Vinyl Window Flashing How-To Tutorial
Vinyl Siding Done Right
Flashing A Flanged Window (login)
When it comes to flashing, doors are a lot like windows with a couple exceptions. You can read all about door flashing details in one of the articles below. In general, you want to flash the top and sides of the door trim just like you would a window. Namely, seal the door flange using heavy tape and overlap it with the building wrap.
The only trouble is that, unlike windows, most doors don’t have flanges to help cover over the rough framing opening. I know; it’s stupid. Instead, most doors simply have “brick molding” nailed to the jambs (sides and top) of the door. You know, the brick molding is the decorative trim board that runs along the sides and top of the door on the outside. Most installers simply lay a bead of caulk along the backside of the brick molding before pressing the door into place.
This approach relies on caulk alone. You know from the window discussion that caulk alone is not a good solution. Furthermore, larger gaps are often not sealed with a single bead of caulk. Just like with windows, a much better approach is to use heavy butyl rubber tape to create your own door flanges as described in the articles. These flanges made on site are then sealed and lapped in with the building wrap just like a window. It’s a good solution.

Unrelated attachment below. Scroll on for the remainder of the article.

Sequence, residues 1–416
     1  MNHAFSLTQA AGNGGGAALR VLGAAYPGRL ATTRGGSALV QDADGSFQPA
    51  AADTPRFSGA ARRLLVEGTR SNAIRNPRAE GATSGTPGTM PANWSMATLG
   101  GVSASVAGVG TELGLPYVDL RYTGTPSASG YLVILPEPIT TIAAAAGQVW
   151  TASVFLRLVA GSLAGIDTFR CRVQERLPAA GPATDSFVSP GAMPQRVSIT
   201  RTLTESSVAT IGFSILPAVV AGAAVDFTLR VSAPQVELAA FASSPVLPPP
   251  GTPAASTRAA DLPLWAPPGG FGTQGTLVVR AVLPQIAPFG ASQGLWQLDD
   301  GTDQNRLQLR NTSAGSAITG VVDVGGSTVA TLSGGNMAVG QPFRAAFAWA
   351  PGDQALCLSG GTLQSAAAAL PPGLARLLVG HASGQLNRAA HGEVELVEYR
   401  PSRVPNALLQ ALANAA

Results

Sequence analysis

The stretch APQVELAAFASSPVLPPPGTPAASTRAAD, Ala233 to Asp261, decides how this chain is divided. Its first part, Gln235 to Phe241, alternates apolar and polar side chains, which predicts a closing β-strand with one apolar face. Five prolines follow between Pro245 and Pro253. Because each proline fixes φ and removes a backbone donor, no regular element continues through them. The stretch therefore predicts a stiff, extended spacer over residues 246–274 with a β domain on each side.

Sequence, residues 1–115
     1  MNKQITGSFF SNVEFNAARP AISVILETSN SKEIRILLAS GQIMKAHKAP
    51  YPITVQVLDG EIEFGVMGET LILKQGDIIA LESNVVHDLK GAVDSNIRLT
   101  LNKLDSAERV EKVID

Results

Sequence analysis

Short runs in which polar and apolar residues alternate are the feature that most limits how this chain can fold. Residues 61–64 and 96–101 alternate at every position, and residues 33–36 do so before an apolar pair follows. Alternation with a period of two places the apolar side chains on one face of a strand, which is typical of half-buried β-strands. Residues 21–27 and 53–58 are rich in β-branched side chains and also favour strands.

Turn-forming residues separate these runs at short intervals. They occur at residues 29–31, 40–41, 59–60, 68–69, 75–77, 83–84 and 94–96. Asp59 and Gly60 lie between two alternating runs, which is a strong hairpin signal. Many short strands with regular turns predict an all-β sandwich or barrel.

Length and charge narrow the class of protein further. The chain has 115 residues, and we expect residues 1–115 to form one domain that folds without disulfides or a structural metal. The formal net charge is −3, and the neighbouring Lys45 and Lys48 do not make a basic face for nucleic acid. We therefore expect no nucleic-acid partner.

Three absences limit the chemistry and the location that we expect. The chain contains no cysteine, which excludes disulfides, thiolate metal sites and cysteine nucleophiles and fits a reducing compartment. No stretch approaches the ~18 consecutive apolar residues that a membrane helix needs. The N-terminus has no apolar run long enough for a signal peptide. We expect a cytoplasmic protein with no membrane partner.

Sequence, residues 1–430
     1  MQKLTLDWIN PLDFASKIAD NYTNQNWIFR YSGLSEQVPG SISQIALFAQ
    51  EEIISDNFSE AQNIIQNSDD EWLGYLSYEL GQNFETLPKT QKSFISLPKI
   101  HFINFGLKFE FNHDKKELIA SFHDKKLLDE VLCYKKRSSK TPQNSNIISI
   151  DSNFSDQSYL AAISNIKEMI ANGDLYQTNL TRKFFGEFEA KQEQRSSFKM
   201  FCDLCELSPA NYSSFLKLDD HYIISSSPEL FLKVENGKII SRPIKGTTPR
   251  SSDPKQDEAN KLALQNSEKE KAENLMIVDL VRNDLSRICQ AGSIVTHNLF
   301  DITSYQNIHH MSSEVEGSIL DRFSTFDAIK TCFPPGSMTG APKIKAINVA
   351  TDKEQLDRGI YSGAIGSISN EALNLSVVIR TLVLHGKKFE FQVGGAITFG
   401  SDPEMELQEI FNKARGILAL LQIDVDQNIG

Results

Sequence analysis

The other difference between doors and windows when it comes to flashing is at their bottoms. Doors have thresholds that get a lot of foot traffic. It is very common for doors to leak at their thresholds. This is often a hidden, insidious leak. It’s only months or years later when the house is full of mold that owners discover that water has been seeping in under the threshold with each rain and feeding mold growth in the sub-flooring.
So here’s why threshold leaks are a very frequent problem. Commonly, builders simply lay down a couple beads of caulk on top of the floor where the threshold is to rest before dropping the door into place. As you’ll soon see, this is so wrong for many reasons.
First, just look at the bottom of a threshold. Thresholds are typically made of aluminum that has many structural channels underneath. In addition, a portion of the aluminum threshold is often in-filled with a wood board for extra support. In other words, when the door is dropped into place, much of the caulk the builder laid down will remain untouched by the threshold in the areas where there are channels. A good portion of the underside of the threshold will not be sealed by the caulk. The bottom of the threshold is not flat wherein you might expect the caulk to squish out and seal the entire underside.
So what happens to the water that seeps in under the threshold when the wimpy bead of caulk fails at the outer edge of the threshold? I’ll tell you. It seeps underneath and drenches the sub-flooring. It’s bad because you won’t know its happening. The finish floor (carpet, wood, vinyl, etc.) often hides the leak below. Some day later on, you’ll look up in the basement and notice blackened sub-flooring in the area of the front door. Ugh.